For Fans Of
‘Progressive’ is a word that is overused to overrate. That’s not the case with its application to Radelaide outfit Drown This Fury, however. Rather, ‘progressive’ is a term that’s as apropos as it is complementary. In this context, it simply translates to a description of a band that utilises innovative blends of old and new techniques to an expertly crafted tee.
This EP, titled ‘Creatures’, is a ferocious exhibition. It kicks off with a brief intro reflective of its title, comprising an anomalously gentle, atmospheric build up that draws parallels to Alcest. Following on is ‘With Closed Eyes’, a stark contrast. This track ushers in guttural vocals against a backdrop of explorational guitars. It’s experimental, with melodic hardcore tinges being hailed in one second and skilful guitar pursuits being achieved the next. Instead of choosing which path to take at the fork in the road, Drown This Fury double back on both. In plain English, they don’t compromise one genre for the other, and we’ll let you in on a secret: it works pretty goddamn well.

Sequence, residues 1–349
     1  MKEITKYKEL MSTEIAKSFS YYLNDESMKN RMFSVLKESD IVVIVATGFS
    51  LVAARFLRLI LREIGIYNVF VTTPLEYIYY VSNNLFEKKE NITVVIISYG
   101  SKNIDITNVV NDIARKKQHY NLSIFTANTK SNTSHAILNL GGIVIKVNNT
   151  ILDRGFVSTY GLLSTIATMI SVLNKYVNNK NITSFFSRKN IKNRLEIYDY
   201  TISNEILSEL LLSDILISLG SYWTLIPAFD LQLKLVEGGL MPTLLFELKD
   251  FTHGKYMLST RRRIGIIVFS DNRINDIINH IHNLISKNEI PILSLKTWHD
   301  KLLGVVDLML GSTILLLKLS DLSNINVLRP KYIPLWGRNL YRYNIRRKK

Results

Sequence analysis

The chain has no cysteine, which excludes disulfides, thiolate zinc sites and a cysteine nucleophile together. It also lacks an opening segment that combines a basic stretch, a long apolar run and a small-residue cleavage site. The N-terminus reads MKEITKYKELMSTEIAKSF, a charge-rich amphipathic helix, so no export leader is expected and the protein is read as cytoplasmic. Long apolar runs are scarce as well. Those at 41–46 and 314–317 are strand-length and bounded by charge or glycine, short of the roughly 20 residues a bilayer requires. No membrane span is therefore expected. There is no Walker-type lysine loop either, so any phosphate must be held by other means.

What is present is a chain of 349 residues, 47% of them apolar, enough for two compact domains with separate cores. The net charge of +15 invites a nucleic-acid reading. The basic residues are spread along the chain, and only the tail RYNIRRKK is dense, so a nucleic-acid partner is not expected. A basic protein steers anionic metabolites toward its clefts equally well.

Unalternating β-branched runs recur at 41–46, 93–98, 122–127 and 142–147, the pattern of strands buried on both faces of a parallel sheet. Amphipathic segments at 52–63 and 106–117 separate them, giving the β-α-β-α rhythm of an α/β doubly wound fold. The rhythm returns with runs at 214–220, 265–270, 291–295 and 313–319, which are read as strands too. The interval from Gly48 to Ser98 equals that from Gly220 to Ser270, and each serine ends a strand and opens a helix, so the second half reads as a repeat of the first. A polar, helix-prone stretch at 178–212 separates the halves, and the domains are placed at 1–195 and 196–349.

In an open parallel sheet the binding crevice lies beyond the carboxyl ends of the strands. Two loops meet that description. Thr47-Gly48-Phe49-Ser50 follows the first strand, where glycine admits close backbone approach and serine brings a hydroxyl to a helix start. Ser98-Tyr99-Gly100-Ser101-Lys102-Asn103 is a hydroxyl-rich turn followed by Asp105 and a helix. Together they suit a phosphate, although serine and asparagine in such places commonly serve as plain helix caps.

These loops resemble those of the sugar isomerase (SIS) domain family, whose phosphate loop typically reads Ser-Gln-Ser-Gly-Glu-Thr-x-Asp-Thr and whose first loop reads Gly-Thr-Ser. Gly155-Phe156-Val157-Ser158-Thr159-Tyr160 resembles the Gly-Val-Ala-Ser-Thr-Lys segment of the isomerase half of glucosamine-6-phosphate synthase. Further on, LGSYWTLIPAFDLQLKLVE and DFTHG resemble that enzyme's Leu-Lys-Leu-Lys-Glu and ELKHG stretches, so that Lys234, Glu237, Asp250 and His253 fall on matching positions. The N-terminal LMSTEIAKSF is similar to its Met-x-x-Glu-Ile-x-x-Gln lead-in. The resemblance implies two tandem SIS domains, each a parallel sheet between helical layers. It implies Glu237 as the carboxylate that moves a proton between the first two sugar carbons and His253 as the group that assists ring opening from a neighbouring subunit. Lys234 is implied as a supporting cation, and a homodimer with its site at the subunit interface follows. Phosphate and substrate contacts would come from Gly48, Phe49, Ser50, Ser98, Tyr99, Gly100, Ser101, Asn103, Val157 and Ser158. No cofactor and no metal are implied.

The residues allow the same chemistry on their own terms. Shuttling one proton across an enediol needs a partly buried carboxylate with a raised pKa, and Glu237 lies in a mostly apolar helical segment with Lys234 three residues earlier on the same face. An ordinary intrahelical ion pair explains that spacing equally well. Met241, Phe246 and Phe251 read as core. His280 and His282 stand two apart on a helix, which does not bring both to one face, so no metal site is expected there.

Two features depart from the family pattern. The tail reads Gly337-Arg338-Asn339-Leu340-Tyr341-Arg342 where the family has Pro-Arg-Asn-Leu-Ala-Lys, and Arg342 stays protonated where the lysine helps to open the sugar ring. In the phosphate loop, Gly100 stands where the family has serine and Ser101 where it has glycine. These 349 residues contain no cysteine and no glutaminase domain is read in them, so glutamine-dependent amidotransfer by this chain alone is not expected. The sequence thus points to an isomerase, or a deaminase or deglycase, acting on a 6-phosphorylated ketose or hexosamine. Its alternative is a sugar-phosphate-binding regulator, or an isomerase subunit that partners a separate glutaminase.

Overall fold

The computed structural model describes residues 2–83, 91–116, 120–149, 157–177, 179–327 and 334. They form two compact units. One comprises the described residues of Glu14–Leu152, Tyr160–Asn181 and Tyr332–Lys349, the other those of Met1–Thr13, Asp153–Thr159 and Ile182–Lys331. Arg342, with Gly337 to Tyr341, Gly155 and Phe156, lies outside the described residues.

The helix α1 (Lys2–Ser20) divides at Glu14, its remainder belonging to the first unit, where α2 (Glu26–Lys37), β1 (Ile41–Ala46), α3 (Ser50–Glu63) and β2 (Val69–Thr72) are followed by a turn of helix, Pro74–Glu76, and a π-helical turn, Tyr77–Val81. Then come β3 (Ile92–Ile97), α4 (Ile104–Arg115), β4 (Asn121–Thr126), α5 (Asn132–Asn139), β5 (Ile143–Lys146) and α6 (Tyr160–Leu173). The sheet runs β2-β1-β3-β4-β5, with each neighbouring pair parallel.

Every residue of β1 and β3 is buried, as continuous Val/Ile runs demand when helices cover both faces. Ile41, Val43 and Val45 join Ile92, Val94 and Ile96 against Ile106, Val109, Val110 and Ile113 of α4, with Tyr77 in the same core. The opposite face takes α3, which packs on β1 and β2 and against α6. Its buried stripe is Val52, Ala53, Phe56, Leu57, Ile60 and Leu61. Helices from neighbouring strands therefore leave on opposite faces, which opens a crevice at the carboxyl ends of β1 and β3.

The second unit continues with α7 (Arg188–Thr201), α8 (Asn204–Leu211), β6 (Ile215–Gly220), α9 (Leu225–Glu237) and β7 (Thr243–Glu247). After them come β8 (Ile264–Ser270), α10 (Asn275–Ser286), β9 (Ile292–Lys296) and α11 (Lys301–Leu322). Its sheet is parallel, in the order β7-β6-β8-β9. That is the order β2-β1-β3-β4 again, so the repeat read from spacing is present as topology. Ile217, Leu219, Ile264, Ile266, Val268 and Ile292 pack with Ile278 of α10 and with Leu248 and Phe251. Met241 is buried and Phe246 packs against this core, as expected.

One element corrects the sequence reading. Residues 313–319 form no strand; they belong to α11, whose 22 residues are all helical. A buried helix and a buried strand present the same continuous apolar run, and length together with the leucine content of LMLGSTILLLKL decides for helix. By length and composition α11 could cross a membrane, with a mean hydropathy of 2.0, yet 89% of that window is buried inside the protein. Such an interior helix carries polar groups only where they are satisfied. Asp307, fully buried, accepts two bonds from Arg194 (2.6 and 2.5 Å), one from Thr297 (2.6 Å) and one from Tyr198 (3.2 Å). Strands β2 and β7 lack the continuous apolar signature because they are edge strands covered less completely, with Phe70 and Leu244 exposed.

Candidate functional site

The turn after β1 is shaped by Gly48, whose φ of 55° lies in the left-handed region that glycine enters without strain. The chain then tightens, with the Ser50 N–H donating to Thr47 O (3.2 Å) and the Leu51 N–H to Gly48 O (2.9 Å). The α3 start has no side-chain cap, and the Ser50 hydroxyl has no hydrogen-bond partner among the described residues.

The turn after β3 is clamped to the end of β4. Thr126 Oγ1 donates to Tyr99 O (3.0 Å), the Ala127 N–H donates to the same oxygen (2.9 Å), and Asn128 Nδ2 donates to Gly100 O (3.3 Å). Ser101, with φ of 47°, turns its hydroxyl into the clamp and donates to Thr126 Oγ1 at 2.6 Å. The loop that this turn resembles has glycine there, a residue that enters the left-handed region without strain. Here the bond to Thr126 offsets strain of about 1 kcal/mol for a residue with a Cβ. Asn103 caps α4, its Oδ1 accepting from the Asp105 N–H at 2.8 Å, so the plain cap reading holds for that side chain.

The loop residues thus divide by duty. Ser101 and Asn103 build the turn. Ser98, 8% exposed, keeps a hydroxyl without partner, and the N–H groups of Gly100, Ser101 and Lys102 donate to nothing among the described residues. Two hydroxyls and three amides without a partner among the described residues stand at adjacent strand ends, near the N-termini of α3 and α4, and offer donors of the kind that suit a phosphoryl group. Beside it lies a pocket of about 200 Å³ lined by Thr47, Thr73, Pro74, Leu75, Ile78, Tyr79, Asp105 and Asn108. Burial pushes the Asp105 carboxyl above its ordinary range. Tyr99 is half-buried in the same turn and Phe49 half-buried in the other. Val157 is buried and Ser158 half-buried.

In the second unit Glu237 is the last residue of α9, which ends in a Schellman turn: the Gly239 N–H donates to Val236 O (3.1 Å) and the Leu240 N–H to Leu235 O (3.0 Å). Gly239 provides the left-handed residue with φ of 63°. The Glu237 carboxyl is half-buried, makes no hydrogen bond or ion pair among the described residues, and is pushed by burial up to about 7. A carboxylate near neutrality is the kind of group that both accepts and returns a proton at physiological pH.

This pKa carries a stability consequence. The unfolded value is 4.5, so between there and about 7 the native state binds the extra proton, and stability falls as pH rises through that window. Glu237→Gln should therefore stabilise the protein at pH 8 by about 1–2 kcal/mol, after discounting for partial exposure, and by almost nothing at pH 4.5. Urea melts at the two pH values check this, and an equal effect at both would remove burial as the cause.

At this point, the EP takes a delightful turn; ‘The Wolves and Vultures’ throws in cleans alongside crushing drums, which sound typical of a band that names Trivium as an influence. However, you’ll be grateful for them when ‘Goliath’ comes around, primarily for the harmony of clean and unclean vocals that cements itself as a highlight of the release. This fire spitting banger is where progressive becomes a triumphant and applicable descriptor for an unexpectedly enjoyable ride.
The EP goes further on ‘The Spark That Starts A War’ (a title sounding awkwardly allusive to events like the assassination of Franz Ferdinand) and blends vocals resemblant of spoken-word hardcore with metal, adding variety to an EP that’s already stepping forward in terms of musical capacity and willingness. ‘Fracture’ closes off the album with again, a spoken word influence bleeding in, but also, with verses surprisingly articulated almost rapidly enough to qualify as rap itself. Having said that, there’s no poser-referential criticisms to be made; it all sounds authentic, and a ‘blegh’ balances the song out without turning it into a nightmare.
‘Creatures’ is experiential, interesting and fan-winningly impressive. The length of the songs, as it does with much metal, doesn’t detract from their engagement, predominantly due to the fact that they minimise repetitiveness and maximise intrigue. Contrary to the suggestion of this band’s name, we’d recommend not drowning this fury and instead, paying it a solid listen.
2. With Closed Eyes
3. The Wolves and Vultures
5. The Spark That Starts A War